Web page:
My macronutrient ratios average around 60% fat, 20% protein, 20% carbs. Although I am not trying to be low carb, I have found that by not eating grains or sugar, and limiting my fruit to the low fructose choices, I am eating under 100g of carbs a day, usually around the 70g mark, which interestingly is what Mark Sisson refers to as the “weight loss sweet spot”. This is despite eating unlimited vegetables and occasionally eating quinoa and starchy carbs like potato.
I found this really interesting as this all fell into place without any effort on my part just by stopping grains and sugars.
The links that really helped me
Marks Daily Apple. The Primal Diet is basically how I eat now. I spend a fair bit of time reading Mark’s articles. The Sucess Story section is also very inspirational, especially this one.
Sarah Wilson’s I Quit Sugar Program really helped me with my sugar addiction.
Learning about body typing/somatypes also helped me understand why some body types need to be lower carb than others. I will post some more about this area soon because it is really interesting.
The Candida Diet website helped me understand more about my sugar addiction, the Candida that was driving it and helped me realise how important probiotics and antifungals were for me personally.
Well, that is my story, and explains why I have been missing in action since the birth of my second daughter in 2010 (let me tell you, pelvic organ prolapse is no picnic). Giving up grains and sugar (to me they are now closely linked in terms of the damage they do) helped me recover on many levels and I hope my story can help others.
Thanks so much for teliing your story! Very reassuring to read; I have done almost exactly the same, cutting grains and sugar, and related to many of your discoveries along the way. I started grain and sugar free New Year 2014, after a scary flareup of joint and muscle pain after the indulgences of Christmas food and wine, but I’ve found it amazingly easy to stick to the changes, for all the same reasons you give. One difference for me, being a bit older (56 soon) my metabolism is slower to lose weight. After an initial kilo or 2 I lost almost no weight for 6 weeks, but I did notice my shape changing and firming up. Stopped weighing myself after a while (got sick of feeling discouraged), but now 7 weeks down the grain and sugar free track I’m a whole dress size smaller and still dropping, feel like I’ve stabilised emotionally (and probably hormonally) too, and have way less ‘creaky’ sore joints and muscles. So worth the (slight) inconvenience of eating this way. I’m hooked!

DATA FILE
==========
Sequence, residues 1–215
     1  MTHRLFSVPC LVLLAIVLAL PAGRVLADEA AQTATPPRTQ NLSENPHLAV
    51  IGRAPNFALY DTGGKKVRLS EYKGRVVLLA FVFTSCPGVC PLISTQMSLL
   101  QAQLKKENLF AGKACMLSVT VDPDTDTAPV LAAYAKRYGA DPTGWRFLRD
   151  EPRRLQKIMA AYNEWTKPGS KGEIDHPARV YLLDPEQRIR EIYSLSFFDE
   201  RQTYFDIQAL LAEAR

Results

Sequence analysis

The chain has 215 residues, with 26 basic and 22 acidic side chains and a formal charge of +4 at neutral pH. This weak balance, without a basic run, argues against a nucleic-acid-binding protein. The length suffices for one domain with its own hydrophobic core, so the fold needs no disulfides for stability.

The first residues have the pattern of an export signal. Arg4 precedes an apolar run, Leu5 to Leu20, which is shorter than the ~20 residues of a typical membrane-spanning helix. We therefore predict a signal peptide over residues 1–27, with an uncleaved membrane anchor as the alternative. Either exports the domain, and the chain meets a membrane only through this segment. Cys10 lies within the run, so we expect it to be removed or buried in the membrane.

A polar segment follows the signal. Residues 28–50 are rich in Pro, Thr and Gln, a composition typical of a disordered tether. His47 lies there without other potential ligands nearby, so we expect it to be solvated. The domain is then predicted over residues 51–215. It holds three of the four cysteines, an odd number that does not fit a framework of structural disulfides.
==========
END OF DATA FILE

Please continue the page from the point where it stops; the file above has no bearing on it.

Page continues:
Thanks again for your encouraging post. I’m off to try your paleo-bread recipe 🙂
Thank you and that is interesting. I recently started menopause and I’ve noticed that the dramatic hormonal changes now mean my metabolism is much slower too. But still worth it to eat well as the benefits are much greater than just weight loss – I feel so much better eating this way too.
Hi: I just found your website. I was gluten free for about 20 years because of auto immune issues. I was always naturally thin, but post menopause brought a few extra pounds. The extra weight is gone, and I am back to my high school weight. I have also never calorie counted. I exercise but nothing over the top. I reduced fruit and focused on generally reducing grains and portion sizes. This morning I treated myself with a couple home made gluten free pancakes and maple syrup. But that was a Sunday morning treat, no routine grains. I am so envious of your ability to access free foraging animals and eggs. Have you read “The Vegetarian Myth”?
That’s great to hear. Yes, we count ourselves rather fortunate in the chicken department and Australia is a great country for easy access to free range and grass fed meat. I haven’t read the Vegetarian Myth but I did read the very lively discussion about the book over on the Amazon review page for it. Very interesting.